The most recent year for which data is available for detailed international comparisons is 2013. Japan granted refugee status to just 6 of the 3,260 applicants in that year. In contrast, 21,171 refugees received formal asylum in the United States, 10,915 in Germany, and 9,099 in France. Even South Korea, hardly renowned as an open-door haven for refugees, granted asylum to 57. By the end of 2014, Japan had approved a cumulative total of just 633 applications for refugee status.
Officials at Japan’s Immigration Bureau defend their low rate of approvals for refugee status applications. One reason, they say, is the nation’s lack of community infrastructure for accommodating refugees. The officials also cite misunderstanding of the approval guidelines and misrepresentation of qualifications on the part of the applicants. Only about 10% of the applicants, they explain, report being at risk of persecution from their government. And a lot of those applicants are falsifying the risk in order to secure work in Japan, according to the immigration officials.
UNHCR’s Second-Largest Donor
Japan’s closed-door refugee policy is the subject of continuing criticism at home and abroad. Refugee-support groups in Japan call for the government to comply with international norms in providing asylum, and observers worldwide note the mismatch between Japan’s massive global presence in the economic realm and its virtual nonpresence in the realm of hosting refugees.
The criticism of Japan’s stance is understandable and perhaps warranted. However, any discussion of Japan’s role in addressing the global refugee crisis needs to take another important factor into account, namely, Japan’s large indirect contribution to humanitarian support. Japan is the second-largest donor to the UNHCR after the United States; in 2014 Japanese disbursements to the UNHCR totaled $181.61 million.
Furthermore, in 2011 both houses of the Diet adopted a resolution that committed Japan to developing a comprehensive asylum process and to assisting refugees and internally displaced persons worldwide. They adopted the resolution unanimously on the occasion of the 30th anniversary of Japan’s accession to the UN Refugee Convention. That gesture received favorable attention worldwide as the first such resolution by any national government.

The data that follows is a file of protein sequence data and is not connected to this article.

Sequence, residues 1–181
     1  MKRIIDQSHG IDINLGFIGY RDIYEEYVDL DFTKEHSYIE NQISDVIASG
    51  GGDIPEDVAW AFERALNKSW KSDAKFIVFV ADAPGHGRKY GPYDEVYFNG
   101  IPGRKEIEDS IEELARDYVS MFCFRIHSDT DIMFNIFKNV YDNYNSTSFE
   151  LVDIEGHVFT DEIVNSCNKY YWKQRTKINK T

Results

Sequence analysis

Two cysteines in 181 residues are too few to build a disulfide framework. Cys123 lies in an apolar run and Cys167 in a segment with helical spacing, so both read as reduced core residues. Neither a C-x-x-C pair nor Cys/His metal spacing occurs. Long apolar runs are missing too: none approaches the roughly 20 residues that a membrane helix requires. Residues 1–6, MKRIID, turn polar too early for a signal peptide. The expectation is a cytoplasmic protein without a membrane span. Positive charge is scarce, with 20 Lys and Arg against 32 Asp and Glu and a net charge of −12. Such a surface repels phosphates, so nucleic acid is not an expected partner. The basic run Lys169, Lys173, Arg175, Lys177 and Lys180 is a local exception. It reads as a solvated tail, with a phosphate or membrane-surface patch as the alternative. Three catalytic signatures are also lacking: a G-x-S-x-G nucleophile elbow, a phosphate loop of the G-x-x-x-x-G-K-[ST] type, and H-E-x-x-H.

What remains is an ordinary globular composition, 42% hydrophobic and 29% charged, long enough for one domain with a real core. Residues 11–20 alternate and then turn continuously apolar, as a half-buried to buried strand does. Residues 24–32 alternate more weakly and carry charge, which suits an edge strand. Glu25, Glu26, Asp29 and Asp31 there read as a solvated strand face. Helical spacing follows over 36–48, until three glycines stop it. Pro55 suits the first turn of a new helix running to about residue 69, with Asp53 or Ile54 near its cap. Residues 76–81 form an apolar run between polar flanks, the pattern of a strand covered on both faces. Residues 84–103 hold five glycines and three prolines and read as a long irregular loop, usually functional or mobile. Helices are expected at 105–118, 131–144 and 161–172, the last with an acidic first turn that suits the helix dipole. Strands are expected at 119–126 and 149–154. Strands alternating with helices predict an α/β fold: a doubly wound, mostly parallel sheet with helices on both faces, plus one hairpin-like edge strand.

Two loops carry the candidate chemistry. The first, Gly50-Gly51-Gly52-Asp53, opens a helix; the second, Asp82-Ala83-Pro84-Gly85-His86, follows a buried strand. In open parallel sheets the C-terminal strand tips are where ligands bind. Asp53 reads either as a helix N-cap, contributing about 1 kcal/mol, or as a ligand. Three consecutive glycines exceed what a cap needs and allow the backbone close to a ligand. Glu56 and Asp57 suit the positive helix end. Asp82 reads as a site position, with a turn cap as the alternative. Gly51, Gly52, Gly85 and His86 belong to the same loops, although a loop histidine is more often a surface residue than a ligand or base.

Other promising developments also warrant attention. For example, an advisory group to Japan’s justice minister prepared a proposal in 2014 for revising the nation’s refugee policy. The group noted the increasingly diverse modes of persecution that spawn refugees across the globe and called for developing new means of refugee protection and assistance to address that diversity. In that and other ways, Japan is undeniably bolstering its contribution to alleviating the global refugee crisis.
The Specter of Unrest Next Door
Nevertheless, something conspicuously missing from Japan’s debate about refugee policy is discussion of the consequences of potential unrest on the Korean Peninsula. All too conceivable are events there that could unleash a flood of refugees, and the failure to address that possibility renders the present debate highly inadequate.
The government and people of Japan need to come to terms with the ever-so-real threats that lurk in their neighborhood and across Asia. Only then can they begin to fulfill their nation’s role as a bulwark of democracy and progress. Japanese need to pick up the pace in configuring a framework for accommodating vastly larger numbers of incoming refugees.(Originally written in Japanese by Harada Kazuyoshi of Nippon.com and published on May 6, 2015. Banner photo: A Myanmar family arrives at Japan’s Narita International Airport in September 2013 under the UNHCR’s refugee resettlement program. © Jiji.)